Does red food dye increase blood sugars?

Hi all,

I was wondering if any of you have noticed your T1D child as being sensitive to food dyes and what effect it has on your child's BGs and behavior. Here's why I ask:

This morning I had to take my 5 y/o T1D daughter to the doctor for a rash on her private parts. When we left the house at 8 am her BG was 106 and she had only had eggs to eat and some protein shake. On the way to the office she ate some strawberries, blueberries, and 2 low-carb french twists, total carbs = 20, for which I bolused her. At the dr office, she had a slight fever, so the nurse gave her some VERY RED Tylenol (around 9 am), only a teaspoon or two. At that time her BG had come up a little, but was not remarkable. But by the time the nurse practitioner got in the room, Liz's BGs were over 250 and headed north, while her behavior headed south.

She became completely obstinate and uncooperative, refusing even to stick out her tongue so the nurse could look in her throat. When the nurse asked her to lie down so she could look at her privates, a full-on tantrum ensued. Granted, she's been very sore down there for a few days and has not even allowed me to look at it, so I understand she was afraid of the nurse hurting her. But I was completely mortified at her behavior and at the end of the appt, the NP even suggested behavior therapy for her. By the time we left at 10 am, her BG was 344, and it remained above 300 for the next 90 minutes or so.

I cannot imagine that a few berries and the french twists caused her to spike like that, esp when I bolused for them (and these are foods she eats all the time without spiking). Maybe her BGs rose as a stress response to the doctor office visit and the high BGs also escalated her bad behavior. Or did her behavior spike her BGs?

Or was it something even more sinister - like the red food dye in the Tylenol? I know there are plenty of kids for whom food dye causes ADHD-like symptoms and bad behavior. I'm just wondering if this is a eureka moment for me or if the food dye is totally unrelated -and I couldn't find anything online about food dye causing high BGs - only that for some (non-diabetic) kids it actually causes low BG.

Just thought I'd throw this out there to see if anyone has had a similar experience...

I've often wondered about the sweeteners and also just the ingredients in general. I always buy the dye free kind, if I can. I "googled" the ingredients in Tylenol (below) and found them to be a little scary. We are a more natural family and things like FD&C red no 40, flavors, high fructose corn syrup, sorbitol solution and sucralose worry me! I think the dye free are really not any better besides they just don't have the dye. We really try and avoid high fructose corn syrup and sorbitol or any other artificial sweetener all together.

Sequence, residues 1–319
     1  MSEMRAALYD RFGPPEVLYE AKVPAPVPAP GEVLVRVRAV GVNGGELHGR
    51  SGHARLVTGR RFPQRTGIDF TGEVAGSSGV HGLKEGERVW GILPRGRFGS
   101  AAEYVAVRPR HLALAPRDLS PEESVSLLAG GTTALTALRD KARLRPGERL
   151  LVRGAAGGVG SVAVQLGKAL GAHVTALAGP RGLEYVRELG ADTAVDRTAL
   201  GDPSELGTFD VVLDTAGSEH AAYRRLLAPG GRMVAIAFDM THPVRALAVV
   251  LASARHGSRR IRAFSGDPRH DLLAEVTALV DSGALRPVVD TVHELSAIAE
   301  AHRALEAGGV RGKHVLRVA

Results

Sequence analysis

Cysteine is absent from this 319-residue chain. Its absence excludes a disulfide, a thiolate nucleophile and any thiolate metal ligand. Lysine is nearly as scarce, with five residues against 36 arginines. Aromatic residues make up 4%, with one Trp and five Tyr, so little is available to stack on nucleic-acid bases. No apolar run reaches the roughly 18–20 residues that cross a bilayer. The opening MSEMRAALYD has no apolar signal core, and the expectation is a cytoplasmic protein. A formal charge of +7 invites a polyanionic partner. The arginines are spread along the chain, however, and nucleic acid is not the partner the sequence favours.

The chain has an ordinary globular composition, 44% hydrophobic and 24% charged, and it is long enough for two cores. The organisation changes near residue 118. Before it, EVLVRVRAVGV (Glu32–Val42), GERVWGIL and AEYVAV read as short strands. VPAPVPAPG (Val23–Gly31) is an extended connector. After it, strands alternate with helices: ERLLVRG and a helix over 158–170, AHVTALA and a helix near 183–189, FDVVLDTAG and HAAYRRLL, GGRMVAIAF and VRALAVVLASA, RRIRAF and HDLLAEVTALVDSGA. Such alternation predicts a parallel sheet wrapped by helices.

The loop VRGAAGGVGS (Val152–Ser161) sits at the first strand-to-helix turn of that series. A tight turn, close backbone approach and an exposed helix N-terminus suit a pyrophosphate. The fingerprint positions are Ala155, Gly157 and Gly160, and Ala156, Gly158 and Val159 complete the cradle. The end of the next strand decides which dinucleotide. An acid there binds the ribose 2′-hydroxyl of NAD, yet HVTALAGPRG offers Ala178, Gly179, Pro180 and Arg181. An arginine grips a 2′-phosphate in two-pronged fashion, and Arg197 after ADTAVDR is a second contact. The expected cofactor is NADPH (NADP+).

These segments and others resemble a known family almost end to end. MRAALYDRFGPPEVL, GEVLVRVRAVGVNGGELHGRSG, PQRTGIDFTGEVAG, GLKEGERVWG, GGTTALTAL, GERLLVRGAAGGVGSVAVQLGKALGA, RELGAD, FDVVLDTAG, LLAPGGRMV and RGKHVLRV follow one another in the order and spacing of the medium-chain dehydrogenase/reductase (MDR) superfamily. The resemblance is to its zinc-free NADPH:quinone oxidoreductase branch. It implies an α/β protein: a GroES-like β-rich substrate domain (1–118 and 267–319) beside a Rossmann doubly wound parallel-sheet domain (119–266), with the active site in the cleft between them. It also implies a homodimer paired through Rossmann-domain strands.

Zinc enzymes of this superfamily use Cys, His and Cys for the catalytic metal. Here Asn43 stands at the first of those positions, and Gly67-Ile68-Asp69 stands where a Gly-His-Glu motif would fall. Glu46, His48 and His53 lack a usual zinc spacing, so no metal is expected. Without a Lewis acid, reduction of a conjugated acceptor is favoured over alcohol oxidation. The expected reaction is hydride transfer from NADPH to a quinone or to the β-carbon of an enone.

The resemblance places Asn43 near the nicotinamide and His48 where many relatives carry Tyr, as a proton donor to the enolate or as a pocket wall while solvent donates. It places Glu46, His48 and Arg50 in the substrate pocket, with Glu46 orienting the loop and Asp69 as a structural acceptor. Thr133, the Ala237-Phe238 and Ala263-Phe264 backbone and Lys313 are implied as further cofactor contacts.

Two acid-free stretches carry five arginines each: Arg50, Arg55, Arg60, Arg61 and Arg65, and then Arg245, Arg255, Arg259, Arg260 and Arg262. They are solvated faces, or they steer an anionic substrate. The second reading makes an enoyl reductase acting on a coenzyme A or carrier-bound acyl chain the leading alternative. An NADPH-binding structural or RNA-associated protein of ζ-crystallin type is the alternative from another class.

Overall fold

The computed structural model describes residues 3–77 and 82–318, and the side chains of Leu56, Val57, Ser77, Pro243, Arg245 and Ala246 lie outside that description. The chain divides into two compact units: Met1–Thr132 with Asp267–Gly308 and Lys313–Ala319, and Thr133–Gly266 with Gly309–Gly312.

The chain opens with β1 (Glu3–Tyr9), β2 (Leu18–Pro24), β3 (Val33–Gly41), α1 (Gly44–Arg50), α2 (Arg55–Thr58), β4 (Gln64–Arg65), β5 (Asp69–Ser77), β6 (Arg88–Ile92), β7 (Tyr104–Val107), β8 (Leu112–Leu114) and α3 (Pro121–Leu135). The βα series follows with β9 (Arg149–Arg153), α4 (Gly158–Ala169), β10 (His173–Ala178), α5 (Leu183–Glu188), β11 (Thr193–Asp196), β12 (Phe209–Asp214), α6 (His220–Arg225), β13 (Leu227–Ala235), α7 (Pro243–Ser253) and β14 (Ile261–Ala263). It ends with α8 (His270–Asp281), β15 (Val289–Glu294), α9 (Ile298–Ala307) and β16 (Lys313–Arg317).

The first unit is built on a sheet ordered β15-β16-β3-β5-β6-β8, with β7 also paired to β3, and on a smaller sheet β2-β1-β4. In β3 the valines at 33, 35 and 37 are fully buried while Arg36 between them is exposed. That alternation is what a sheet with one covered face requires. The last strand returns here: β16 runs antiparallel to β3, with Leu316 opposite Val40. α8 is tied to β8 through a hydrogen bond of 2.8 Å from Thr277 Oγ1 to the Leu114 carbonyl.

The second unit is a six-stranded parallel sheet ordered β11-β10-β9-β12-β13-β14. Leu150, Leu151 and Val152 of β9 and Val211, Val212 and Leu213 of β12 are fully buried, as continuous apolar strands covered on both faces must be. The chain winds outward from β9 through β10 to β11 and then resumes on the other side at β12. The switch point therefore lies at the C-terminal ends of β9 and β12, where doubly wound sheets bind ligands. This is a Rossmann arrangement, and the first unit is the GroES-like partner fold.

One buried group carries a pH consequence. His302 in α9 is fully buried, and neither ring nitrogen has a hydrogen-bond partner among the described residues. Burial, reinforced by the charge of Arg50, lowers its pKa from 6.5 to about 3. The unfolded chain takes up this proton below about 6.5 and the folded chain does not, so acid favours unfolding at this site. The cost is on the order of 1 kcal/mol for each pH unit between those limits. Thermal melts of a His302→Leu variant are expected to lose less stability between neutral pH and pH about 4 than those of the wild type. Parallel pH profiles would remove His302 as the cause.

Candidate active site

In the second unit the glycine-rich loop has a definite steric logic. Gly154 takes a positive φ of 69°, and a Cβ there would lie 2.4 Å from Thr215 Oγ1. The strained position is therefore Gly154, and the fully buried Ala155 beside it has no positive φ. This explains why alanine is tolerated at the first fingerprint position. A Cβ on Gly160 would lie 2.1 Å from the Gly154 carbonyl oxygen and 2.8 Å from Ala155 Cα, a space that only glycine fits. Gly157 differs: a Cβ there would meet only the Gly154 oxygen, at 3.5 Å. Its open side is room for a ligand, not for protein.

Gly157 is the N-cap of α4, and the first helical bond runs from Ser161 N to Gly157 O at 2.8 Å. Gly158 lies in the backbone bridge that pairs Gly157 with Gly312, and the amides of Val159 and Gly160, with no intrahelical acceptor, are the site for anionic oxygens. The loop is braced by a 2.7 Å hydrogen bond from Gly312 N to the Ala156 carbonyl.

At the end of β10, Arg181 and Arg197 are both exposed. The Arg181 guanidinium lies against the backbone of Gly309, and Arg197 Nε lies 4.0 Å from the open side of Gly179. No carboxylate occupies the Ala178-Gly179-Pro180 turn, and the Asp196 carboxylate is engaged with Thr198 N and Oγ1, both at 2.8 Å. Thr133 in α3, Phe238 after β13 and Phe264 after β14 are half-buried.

From a T1 Mom's perspective, I would like to see a kids pain reliever on the market sweetened with stevia, no dyes and no "funky" ingredients. Haven't found one yet! Uuugh!

Cherry Blast
Active ingredients
Acetaminophen 160 mg in each 5 mL = 1 teaspoonful
Inactive ingredients
anhydrous citric acid, butylparaben, FD&C red no. 40, flavors, glycerin, high fructose corn syrup, microcrystalline cellulose and carboxymethylcellulose sodium, propylene glycol, purified water, sodium benzoate, sorbitol solution, sucralose, xanthan gum

Thanks Kj - those ARE some pretty funky ingredients. Thanks for looking it up. Maybe it was the HFCS in the Tylenol that caused the high BGs? As a D-mom, we are much more vigilant than most about what our kids eat and about reading labels, but I've never really given food dye more than a passing thought. We have enough to worry about!

We've been using those flavored water enhancers (the liquid, very concentrated ones) to make juice for our kids, but we recently stopped b/c my husband and I decided that stuff just couldn't be good for you. We have since started using a dye-free powdered juice mix that I found at Wal-mart - in their house brand, Great Value, of all brands! It has no artificial sweeteners (uses stevia), flavors, or colors.

Every day I become more cognizant of the foods we eat and become increasingly appalled at the crap other kids and families eat and the choices out there. I guess if there has been one "good" thing about her diagnosis, it's that it's made us much more hyper-aware of what we put in our bodies, which is good for the whole family.

Drinks are so hard; our family mostly drinks water with the occasional juice with a low. One go to we have is lemonade made with stevita powder and lemon juice - I read recently on dlife that the acid in the lemon helps somehow with blood sugars. My son LOVES them. We also use liquid stevia drops to flavor other drinks - they come in a ton of fun flavors.

Its exhausting to be so vigilant all the time and I wish people were more understanding of our efforts to protect our children.

Aimee,I’m not an expert on food additives, but it seems to me that your daughter’s BG rise could be attributed to many other factors, such as anxiety regarding the Dr visit/ailment or directly related to the rash (illness often brings higher BG).

I agree with Yifat. IMO your daughter's high BG has nothing to do with red dye. I suspect it was related to her fever and anxiety surrounding a visit to the pediatrician. If red dye causes increases in people with T1D, it would be common knowledge by now. I mean, just look at how ubiquitous red dye and food colorings in general are.